“Players can expect to find shops and stores of all sorts. Tools, weapons, food, materials and clothing are plentiful even though its a small place. There are LOTS of hidden little places where you would least expect them to be. There are some hideouts useful for the player who enjoys complete safety and barely having to leave their house, and others for players who just need a little pitstop to rest and restock before moving on. I think the players that enjoy in-game story telling and realistic environments in PZ would like my map the most. There aren’t many big open areas to fight off huge waves of zombies like the mall in Louisville, but there are cramped hallways, small rooms and lots of little stories to discover.”
What were the inspirations behind Ashenwood (whether it’s other PZ maps, real life locations etc.)? How long did your map take to make, in total? What was the most difficult part?
“The inspiration behind Ashenwood was a mix of things really, a few towns in Norway, The Walking Dead, and The Last of Us, to name a few. Regarding the trash that is littered everywhere, I got the idea from looking at what a looted town looks like after a riot in real life, and just imagining what it would look like if it was the end of times (or at least the people in Ashenwood thought it was). I was also partly inspired by other maps such as Grapeseed. I took a long break in the middle of making Ashenwood, so in total I was working on it on and off for about six months.”
“The most difficult part was learning how to use the mapmaking programs. As it’s the first and only map I’ve ever made, I was learning as I was making it.”
Ashenwood is a small map with a lot of detail. Can you tell us about some of the “stories” you’ve told with tiles and item placement etc.?
“To name a few, there is an… interesting butcher shop which is worth finding, a small area where a festival looks to have taken place right as things went south, a house that looks very basic on the outside but has had a complete survivor overhaul on the inside, and there is evidence of a group of survivors taking shelter in a church and in a small grocery store. Adding stories to my map was one of my favorite things to do!”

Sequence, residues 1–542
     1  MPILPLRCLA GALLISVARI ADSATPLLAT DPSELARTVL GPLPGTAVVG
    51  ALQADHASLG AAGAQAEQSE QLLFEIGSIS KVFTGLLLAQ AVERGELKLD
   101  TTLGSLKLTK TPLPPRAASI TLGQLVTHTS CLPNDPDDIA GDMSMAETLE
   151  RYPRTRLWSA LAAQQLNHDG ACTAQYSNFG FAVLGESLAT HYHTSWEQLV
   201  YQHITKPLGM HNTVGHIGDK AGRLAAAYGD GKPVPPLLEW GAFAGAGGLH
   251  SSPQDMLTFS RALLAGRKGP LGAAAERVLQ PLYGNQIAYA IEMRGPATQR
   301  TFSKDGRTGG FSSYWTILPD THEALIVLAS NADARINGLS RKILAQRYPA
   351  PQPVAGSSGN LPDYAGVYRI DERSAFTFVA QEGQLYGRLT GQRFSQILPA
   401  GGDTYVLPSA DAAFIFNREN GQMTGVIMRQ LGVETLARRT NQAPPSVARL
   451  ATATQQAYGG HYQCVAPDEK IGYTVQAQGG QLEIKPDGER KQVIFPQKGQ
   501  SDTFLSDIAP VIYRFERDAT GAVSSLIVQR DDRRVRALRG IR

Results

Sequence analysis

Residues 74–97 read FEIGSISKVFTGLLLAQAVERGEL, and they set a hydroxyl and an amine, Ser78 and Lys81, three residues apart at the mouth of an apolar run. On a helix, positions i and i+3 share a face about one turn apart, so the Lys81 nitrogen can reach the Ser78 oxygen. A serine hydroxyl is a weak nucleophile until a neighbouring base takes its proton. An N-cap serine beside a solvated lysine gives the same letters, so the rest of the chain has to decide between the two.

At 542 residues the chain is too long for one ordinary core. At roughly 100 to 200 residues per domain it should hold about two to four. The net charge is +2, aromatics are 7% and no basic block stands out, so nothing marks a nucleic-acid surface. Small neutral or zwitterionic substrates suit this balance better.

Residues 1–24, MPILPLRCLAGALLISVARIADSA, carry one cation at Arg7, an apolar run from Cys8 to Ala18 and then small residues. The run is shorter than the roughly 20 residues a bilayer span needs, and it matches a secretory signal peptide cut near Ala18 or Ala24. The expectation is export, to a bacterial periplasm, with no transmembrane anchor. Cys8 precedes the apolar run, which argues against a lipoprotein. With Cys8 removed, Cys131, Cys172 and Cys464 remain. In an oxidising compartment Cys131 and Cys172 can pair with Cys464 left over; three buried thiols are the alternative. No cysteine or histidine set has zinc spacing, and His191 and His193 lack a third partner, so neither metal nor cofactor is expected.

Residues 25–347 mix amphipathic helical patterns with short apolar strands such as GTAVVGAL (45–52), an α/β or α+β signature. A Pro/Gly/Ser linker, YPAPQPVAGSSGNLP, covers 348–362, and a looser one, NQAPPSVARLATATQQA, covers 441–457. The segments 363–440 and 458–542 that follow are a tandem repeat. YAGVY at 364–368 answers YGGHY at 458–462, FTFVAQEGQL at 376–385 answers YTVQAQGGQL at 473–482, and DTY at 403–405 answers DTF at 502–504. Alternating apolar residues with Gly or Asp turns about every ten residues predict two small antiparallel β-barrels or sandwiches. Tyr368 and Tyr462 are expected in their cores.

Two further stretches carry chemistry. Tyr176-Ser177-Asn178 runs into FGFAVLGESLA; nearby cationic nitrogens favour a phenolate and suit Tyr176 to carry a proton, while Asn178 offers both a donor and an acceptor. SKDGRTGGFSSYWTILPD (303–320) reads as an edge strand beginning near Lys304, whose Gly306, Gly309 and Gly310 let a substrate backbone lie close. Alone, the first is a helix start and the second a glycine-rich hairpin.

What do you most enjoy to see/hear about people doing on your map? Are you pleased with how the community responded to your map?
“I love reading about people finding my little secrets. I also love seeing people get overwhelmed and die on my map due to all the sneaky corners and cramped spaces. Most people seem to enjoy the map’s overall atmosphere, which is a great feeling.”
Is there anyone else in the PZ community (or beyond) you would like to give a shout-out to? Which maps (or mods) by other users do you enjoy or find interesting?
“Daddy Dirkie Dirk and Dylan, are makers of some amazing tiles that I used to make my map. Dylan has also made some of my favorite modded maps like Grapeseed and Blackwood. I use a LOT of mods and modded maps, gear mods like Undead Survivor, and others that add more items like food and weapon varieties.”
What’s next in your mapping plans? What’s the dream?
“The first thing I have to do is finally fix Ashenwood! It still has a lot of small things that need to be looked at. There are also a few buildings I want to completely replace, and it has all taken me waaay too long. My hard drive died a while back and I lost everything, so fixing it is gonna take more than just going in and moving things around, but I will get to it eventually. I have pretty much forgotten how to make maps as it’s been quite a while since I made Ashenwood, but I have started to remember!”
“After I’m done fixing Ashenwood I would love to make another map, a less trashy one. A huge campground gone wrong, maybe? A map that’s a ranger’s dream for a life of foraging and fishing? I’d also love to make a treehouse village, which sounds impossible but would be really cool. As for the “dream”, I just want people to enjoy the map(s) I make, and hopefully not just play them once, rage quit, and move on!”
Thanks to Kahj for answering our questions! You can find the Ashenwood map here.